Last week I got a free burrito at Chipotle because of their promotion, and while I was there I purchased a gift card specifically to give to a homeless person. I saw a man almost immediately after walking out and gave it to him.
“Ben,” I greeted him yesterday when I saw him again, feeling a little proud that I’d remembered his name.
“Oh hey,” he responded. We chatted for a moment and he said that he remembered my face, but not where we met. I reminded him, and he said, “Oh yeah! I used it to get a burrito bowl. That’s easier than a burrito, because the tortilla is hard with my dentures.” He pulled out his retainer to show me. “You know, I’m kind of hungry now . . .”
I had some time, so I took him to Noodles and Company for lunch. I asked what had put him on the street asking for money. He told me that he’d had an infection in his hand several years ago, and it left him with decreased motor control plus pain with repetitive tasks. He said he used to work for a lot of restaurant-type places and on construction jobs, and that he recently applied for a job to bus tables and is waiting to hear back from them. I asked him where he sleeps, and he says he knows people who will let him sleep on their couch for $15 or $20 a night, plus he can shower and keep his other clothes there. He said sometimes they won’t want him to stay because they have guests or something else, and on those nights he’ll find a motel for around $50 if it’s really cold. He mentioned that he has a sister living a few towns away, but otherwise no real family or friends, only acquaintances.
He told me that when he’s asking for money on the street, some people are very nice and some are very mean. Recently a man gave him $200 and suggested that he use it to take a bus or train somewhere warmer, but instead he got a motel room for a week. I asked him how much he spends on food on a typical day if people don’t give him food, and he said maybe an average of $10, and that he usually eats at cheap places like McDonald’s. Finally, I asked if he’s ever able to save money up, or if he just lives day to day. He said day to day.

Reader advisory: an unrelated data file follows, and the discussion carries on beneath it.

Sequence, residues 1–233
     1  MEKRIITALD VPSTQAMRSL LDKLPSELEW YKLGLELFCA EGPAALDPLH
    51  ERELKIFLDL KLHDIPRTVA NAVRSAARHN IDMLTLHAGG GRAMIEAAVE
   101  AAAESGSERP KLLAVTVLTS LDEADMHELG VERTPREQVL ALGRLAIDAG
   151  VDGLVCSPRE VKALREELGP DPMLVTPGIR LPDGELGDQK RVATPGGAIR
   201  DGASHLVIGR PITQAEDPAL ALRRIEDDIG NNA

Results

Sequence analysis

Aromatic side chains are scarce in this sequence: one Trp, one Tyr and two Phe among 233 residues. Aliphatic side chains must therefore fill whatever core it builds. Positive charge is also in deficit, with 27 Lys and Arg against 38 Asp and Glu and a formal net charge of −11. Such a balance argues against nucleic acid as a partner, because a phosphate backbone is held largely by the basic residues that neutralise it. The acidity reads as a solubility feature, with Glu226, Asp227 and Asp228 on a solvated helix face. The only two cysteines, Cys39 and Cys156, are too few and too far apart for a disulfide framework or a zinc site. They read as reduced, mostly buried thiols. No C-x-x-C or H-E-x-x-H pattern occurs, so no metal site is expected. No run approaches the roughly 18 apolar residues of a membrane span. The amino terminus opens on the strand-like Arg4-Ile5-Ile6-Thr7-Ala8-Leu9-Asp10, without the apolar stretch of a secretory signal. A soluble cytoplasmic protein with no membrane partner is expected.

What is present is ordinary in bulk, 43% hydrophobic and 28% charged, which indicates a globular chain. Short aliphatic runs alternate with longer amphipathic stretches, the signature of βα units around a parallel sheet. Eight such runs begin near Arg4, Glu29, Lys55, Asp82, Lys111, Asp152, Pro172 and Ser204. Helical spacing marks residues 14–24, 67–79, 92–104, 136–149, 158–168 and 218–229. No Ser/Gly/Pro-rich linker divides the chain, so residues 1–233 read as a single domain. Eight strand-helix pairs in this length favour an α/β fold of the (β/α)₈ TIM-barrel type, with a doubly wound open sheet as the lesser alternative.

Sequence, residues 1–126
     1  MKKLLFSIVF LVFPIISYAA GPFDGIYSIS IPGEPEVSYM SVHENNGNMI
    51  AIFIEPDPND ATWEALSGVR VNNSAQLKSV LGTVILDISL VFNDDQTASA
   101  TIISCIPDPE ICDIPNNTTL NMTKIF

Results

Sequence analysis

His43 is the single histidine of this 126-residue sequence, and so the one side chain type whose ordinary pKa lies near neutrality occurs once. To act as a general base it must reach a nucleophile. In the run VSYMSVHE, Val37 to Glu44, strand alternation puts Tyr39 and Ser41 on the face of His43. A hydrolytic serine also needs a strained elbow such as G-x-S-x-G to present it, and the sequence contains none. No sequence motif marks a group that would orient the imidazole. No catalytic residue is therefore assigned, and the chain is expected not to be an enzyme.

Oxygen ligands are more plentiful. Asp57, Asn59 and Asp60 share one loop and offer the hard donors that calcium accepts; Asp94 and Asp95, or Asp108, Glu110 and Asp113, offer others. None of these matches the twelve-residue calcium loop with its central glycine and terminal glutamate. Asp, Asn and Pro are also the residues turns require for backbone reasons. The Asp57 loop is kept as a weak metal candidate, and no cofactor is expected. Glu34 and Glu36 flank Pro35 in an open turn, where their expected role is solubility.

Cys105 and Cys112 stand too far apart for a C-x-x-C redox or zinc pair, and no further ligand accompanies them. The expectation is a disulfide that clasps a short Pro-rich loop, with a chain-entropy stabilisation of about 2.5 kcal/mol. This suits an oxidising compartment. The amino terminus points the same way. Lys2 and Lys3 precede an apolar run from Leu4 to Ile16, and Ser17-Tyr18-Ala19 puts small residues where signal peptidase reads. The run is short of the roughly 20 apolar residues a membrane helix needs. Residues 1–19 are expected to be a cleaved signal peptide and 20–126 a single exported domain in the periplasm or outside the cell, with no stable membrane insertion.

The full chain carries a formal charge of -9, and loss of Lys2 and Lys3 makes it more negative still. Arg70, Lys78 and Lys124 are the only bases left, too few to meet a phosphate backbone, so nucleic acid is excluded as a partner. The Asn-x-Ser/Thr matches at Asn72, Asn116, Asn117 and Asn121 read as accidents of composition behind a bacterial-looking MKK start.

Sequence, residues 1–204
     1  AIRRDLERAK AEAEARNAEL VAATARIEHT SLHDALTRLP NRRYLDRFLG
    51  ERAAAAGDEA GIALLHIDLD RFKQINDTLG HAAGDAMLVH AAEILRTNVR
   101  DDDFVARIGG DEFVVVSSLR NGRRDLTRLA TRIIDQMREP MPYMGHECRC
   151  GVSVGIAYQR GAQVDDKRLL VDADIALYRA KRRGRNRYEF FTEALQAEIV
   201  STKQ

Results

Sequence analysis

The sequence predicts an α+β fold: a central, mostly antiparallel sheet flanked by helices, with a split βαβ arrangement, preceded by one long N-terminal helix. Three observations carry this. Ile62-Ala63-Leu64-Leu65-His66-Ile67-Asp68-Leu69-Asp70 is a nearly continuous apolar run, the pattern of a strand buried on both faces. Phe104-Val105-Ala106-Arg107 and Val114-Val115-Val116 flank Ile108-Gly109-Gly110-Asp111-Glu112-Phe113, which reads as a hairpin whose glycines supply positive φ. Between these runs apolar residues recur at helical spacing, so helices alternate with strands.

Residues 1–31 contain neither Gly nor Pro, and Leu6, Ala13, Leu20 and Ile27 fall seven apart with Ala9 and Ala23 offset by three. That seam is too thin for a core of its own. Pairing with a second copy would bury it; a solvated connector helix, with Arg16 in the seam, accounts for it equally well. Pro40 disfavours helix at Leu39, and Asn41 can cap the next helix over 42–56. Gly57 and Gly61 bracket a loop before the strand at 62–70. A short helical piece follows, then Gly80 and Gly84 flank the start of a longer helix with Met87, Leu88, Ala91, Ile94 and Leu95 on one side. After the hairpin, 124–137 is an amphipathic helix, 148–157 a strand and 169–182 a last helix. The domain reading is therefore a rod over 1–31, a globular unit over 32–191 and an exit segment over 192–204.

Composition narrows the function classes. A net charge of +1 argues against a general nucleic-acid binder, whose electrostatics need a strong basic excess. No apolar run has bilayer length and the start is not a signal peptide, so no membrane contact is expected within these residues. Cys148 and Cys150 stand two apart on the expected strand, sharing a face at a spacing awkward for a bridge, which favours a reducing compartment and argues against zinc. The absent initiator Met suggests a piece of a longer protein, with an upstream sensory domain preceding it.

Budget-happy Rose did some quick math. If he pays $15 a night to sleep, that’s $450 in a 30 day month. $10 a day for food if no one gives him food, so maybe $5 a day on average makes $150 for a 30 day month. That’s $600 per month, plus anytime he gets a motel room. I didn’t ask about any other costs, like transportation or miscellaneous expenses.
I have so many thoughts about what I could do if it was me. There are some apartments listed as $450 per month or less, and $150 is more than enough for a monthly food budget if you a) can cook some things and b) have some cooking items like pans and spoons and such. It seems like it would be easier to get a job after having an apartment, because not being sure if you have a place to sleep/go home to seems debilitatingly stressful. Of course I’d have to save up enough for a security deposit and first month’s rent, which would be especially difficult on cold nights when that $50 motel room is looking like the best thing in the world.
Anyway, I could write up a whole plan for what I would do if it was me. But it’s not me. Our histories, skillsets, world knowledge, motivations, resources, and stressors, are so different. The perfect plan for me isn’t the perfect plan for him. What I would need in that situation is probably not what he needs.
Did I help him by buying lunch with him and talking to him? Nope, or at least not much. More than the food itself, it could have been nice for him to talk to someone, though I don’t know that for sure. I do believe that small acts of kindness go a long way, but just giving people things won’t make them fulfilled. It’s not my job to ‘save’ anyone, and it never will be. Maybe someday I’ll be in a position to create more positive opportunities for people, which in a nutshell is what I am starting to believe that every person needs.
Did he help me? Definitely. Whether his story was 100% truthful or not, I learned a lot by talking to him. I prayed before our meal, and noticed that he said “God bless” to me several times afterwards, where he hadn’t before. He also only ate half of his meal, taking the rest in a box. He seemed worried that I was going to think that he was going to waste it, and without prompting assured me several times that he would eat it later.
What else? If I talked to him again I might ask more questions about his background, but also what it is that he wants. What would make his life better? Happier? More fulfilling? I know what might make my own life different in these ways, but not anyone else. If I was going to make a plan for reducing poverty, I think I would start by asking people questions instead of just assuming that I know what they need.